From Tulsa, Oklahoma, USA:
My 12 year old son was diagnosed in March 2005. He began using an insulin pen about two months ago. For the first few weeks, he did great with "poking" himself. Prior to that, I (Mom) was giving injections. He was able to inject himself in his leg and stomach and I did the hip and arm areas. Then, one day he woke up and said he couldn't "poke" himself. He literally freaked out when he attempted to "poke" the needle into himself. His doctor said to "force" him to give himself the injections. We have progressed to Mom "poking" and then he injects the insulin. My husband and I feel that it is doing him more damage mentally to force him to do this (he won't even if forced). We feel that there will come a time when he will want to do something away from us and that he will then be "forced" to inject himself; it will be his choice then. Do you have any suggestions?
I tend to agree with you. When the time is right, he'll take over the task. Typically, children will want such independence when they spend the night with a friend, go to summer camp, or in general, feel more confident. Keep your son involved, however. He should gather the supplies, put the needle on the pen, dial in the dose, swab the site, push in the button, and remove the needle after the injection. This keeps him actively involved and not just a passive receiver.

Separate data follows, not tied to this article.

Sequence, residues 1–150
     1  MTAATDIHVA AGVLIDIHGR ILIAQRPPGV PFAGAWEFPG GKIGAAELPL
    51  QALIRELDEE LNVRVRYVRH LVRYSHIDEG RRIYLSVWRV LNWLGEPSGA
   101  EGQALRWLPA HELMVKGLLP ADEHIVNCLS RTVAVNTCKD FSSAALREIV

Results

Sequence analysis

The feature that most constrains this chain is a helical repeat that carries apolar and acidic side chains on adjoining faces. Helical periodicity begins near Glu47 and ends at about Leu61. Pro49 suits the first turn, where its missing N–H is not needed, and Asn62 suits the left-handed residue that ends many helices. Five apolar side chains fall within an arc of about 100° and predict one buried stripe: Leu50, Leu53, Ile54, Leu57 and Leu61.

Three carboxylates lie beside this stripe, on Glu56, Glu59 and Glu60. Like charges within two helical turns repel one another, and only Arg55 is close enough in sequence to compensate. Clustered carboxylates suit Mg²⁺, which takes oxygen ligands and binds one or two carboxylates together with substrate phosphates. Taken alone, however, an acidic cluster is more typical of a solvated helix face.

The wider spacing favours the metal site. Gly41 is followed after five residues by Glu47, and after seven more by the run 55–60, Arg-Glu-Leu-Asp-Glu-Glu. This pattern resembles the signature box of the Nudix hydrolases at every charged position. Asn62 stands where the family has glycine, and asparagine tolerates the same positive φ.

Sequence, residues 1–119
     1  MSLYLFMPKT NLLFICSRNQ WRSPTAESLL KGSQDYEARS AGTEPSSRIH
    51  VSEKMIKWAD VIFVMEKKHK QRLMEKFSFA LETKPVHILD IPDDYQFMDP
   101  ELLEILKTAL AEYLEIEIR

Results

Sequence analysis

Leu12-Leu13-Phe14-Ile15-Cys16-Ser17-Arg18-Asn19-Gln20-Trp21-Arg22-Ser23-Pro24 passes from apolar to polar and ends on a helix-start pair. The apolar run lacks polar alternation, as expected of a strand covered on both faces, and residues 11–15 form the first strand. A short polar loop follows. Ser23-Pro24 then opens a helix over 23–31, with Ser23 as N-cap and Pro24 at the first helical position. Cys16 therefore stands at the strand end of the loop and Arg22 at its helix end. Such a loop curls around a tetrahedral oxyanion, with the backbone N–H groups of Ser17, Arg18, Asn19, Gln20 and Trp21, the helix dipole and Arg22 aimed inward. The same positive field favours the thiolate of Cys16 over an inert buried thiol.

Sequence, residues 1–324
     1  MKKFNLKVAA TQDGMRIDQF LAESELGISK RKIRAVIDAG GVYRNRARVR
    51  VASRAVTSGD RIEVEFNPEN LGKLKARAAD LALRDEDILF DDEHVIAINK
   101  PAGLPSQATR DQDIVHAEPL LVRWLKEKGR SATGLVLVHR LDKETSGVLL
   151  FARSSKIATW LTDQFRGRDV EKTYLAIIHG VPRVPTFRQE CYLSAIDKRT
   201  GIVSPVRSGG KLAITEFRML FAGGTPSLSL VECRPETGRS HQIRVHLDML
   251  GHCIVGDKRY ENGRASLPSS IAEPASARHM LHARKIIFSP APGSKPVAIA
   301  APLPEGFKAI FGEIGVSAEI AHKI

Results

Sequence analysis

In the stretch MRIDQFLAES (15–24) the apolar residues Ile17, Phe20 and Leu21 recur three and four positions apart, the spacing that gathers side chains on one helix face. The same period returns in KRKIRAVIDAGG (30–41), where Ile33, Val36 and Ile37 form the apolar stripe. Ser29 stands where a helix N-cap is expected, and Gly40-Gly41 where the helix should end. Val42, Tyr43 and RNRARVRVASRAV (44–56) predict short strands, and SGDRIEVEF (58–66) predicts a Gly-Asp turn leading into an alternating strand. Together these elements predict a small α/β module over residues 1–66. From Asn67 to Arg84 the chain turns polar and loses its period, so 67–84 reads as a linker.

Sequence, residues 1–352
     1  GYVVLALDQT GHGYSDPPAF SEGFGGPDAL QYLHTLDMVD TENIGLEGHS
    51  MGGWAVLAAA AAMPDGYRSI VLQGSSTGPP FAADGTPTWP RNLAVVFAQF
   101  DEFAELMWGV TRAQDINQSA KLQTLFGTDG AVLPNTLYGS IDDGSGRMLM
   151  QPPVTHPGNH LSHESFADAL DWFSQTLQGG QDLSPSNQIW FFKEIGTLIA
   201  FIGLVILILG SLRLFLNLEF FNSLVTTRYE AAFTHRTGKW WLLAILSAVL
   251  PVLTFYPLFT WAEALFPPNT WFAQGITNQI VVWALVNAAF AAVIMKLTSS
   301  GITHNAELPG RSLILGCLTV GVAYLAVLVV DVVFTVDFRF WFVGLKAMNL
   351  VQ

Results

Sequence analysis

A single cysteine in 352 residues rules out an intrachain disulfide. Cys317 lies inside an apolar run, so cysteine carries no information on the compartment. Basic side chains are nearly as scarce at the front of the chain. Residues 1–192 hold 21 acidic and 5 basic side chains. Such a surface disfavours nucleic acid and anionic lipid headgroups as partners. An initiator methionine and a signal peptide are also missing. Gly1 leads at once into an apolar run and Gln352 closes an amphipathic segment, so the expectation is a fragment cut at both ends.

I would also try to figure out why the injections are a problem. Do they hurt? Is he afraid of the needle? Do they sting?
A diabetes educator could help sort out some of the reasons and offer some solutions. For example, stinging may come from giving an injection through "wet" alcohol on the skin. Painful injections may be aided by applying ice to the site to numb the injection site.
Original posting 18 Oct 2005
Posted to Blood Tests and Insulin Injections
Last Updated: Tuesday April 06, 2010 15:10:04
This Internet site provides information of a general nature and is designed for educational purposes only. If you have any concerns about your own health or the health of your child, you should always consult with a physician or other health care professional.
This site is published by T-1 Today, Inc. (d/b/a Children with Diabetes), a 501c3 not-for-profit organization, which is responsible for its contents. Our mission is to provide education and support to families living with type 1 diabetes.
© Children with Diabetes, Inc. 1995-2018. Comments and Feedback.